• Provides novel single-query search of STEM education materials from six agencies.
• Development of grade stratification by an SBIR awardee is being assessed as one component
• Open platform used, inviting participation by teachers to comment, review, and tag resources
• Modeled after Science.gov in terms of operation, governance, and search capabilities
Supporting Science, Technology, Engineering, and Mathematics Education for America
Two current examples:
WorldWideScience.org -- Multilingual Federated Search, Multilingual WorldWideScience.org
Multimedia Search and Retrieval “SciencePix” pilot project
Science Advances Only If Knowledge Is Shared
“If I have seen further, it is only by standing on the shoulders of giants.” Sir Isaac Newton
OSTI Corollary 1
Scientific discovery can be accelerated by accelerating access to scientific information.
We now are introducing…
OSTI Corollary 2
Multilingual translations of science will further accelerate scientific discovery.
The case for Multilingual WorldWideScience.org
Here’s how it will work…
1. A Chinese scientist submits a query in Chinese to Multilingual WorldWideScience.org.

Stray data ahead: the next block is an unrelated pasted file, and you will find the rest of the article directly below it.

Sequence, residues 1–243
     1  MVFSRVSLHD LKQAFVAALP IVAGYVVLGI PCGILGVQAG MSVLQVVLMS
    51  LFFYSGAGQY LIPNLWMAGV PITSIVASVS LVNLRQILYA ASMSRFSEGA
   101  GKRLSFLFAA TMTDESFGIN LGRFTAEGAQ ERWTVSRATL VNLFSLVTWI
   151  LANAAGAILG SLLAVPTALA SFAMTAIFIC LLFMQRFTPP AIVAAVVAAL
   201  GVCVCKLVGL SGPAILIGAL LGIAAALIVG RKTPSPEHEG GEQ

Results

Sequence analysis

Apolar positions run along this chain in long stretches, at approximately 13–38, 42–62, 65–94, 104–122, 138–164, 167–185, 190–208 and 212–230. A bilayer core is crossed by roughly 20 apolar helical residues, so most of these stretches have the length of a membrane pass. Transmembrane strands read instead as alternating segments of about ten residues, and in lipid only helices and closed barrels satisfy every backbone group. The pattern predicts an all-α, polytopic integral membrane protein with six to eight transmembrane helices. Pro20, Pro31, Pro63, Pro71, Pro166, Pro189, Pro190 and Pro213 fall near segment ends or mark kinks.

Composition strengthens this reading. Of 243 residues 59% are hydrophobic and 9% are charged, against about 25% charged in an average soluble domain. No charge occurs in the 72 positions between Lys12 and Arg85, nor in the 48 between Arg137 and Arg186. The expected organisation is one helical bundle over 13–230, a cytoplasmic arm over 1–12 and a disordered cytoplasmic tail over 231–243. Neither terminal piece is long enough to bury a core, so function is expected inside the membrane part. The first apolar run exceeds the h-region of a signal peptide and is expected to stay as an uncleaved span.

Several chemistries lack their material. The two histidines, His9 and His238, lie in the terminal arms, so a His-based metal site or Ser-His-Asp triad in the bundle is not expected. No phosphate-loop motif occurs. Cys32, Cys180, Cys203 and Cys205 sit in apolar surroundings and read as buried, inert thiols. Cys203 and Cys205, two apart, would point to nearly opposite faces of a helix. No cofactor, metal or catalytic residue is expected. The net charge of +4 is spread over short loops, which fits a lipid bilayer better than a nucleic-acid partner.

2. WWS.org uses Microsoft to translate the Chinese query into individual languages of source databases (English, French, Portuguese, Russian, etc.)
3. Multilingual WWS.org sends the translated queries to corresponding databases, which search their contents and return results in native languages.
4. WWS.org uses Microsoft to translate native language results into Chinese and presents results to the user in relevance-ranked order.
Conversely, an English-speaking user could have a query translated into languages of non-English databases and then get results back in English.
Key Changes/Impacts in Internet Era
• Increased use/visibility of DOE R&D: from 1995 to 2009, web transactions increase from 300,000 to 87,000,000 – a 28,900% increase.
• Customer base extends beyond librarians, directly to scientists and science-attentive public.
• Federated searching opens science’s “deep web,” where Google and other search engines are not reaching.